Colonel James W. Ripley
was appointed to be chief of ordnance in April, 1861.
He was an officer of long experience, and under his able direction the department, for the first two and one-half years of the war, sustained the great burden of arming and equipping the immense armies that were suddenly raised for tile prosecution of the conflict.
During previous years of peace, nearly seven hundred thousand muskets had been ordinarily on hand in the various Government arsenals, but even this number had been allowed to diminish, so that the store of muskets of all kinds, on October 30, 1860, was about five hundred and thirty thousand, distributed among the arsenals of the country, there being at no one place more than one hundred and thirty thousand.
As this supply of arms was applicable to the army, the navy, the marine corps, and the militia, it was evidently not great, especially in view of the emergency.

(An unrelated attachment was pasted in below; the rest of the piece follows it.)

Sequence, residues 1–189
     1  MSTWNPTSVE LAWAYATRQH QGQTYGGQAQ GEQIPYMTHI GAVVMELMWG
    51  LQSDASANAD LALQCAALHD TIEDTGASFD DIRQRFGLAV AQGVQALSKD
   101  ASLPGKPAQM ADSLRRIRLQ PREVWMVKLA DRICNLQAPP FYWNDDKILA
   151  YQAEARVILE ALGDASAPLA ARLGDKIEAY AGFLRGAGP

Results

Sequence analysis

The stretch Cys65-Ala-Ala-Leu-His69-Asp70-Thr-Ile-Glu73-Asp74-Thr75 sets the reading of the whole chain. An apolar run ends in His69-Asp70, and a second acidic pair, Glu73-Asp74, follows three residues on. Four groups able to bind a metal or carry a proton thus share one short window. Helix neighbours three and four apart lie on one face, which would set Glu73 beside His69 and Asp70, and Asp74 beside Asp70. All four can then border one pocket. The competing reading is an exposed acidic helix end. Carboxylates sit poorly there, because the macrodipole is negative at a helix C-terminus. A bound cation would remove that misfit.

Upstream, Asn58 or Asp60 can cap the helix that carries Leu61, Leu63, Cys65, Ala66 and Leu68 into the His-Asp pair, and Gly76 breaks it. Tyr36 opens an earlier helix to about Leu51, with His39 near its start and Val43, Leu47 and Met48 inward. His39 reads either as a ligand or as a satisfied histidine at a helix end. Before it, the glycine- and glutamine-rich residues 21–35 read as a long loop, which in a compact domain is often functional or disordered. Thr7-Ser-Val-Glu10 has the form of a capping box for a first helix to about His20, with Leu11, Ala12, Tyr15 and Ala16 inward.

Furthermore, there had been a sale of a considerable number of old-pattern muskets, but this sale was stopped, in order not to deplete the supply too seriously.
During 1860, the apportionment of Government arms to the various States for arming their militia was carried on under an old law, that of 1808, but, on account of the small number on hand, only 14,615 were distributed.
The allotments were made in proportion to the number of senators and representatives in Congress.
Distribution of equipments, other ordnance, and ordnance stores was also made on the same basis to the States.
By the latter part of 1860, there were thirteen arsenals, two armories, and one depot for the manufacture and safe-keeping of ordnance and ordnance stores.
This was a period of much technical development in the manufacture of cannon, and in consequence of proposed changes in the mode of casting guns, very few were made during the year.
Large quantities of iron for gun-carriages, however, were provided, and preparations were made for very active work in the beginning of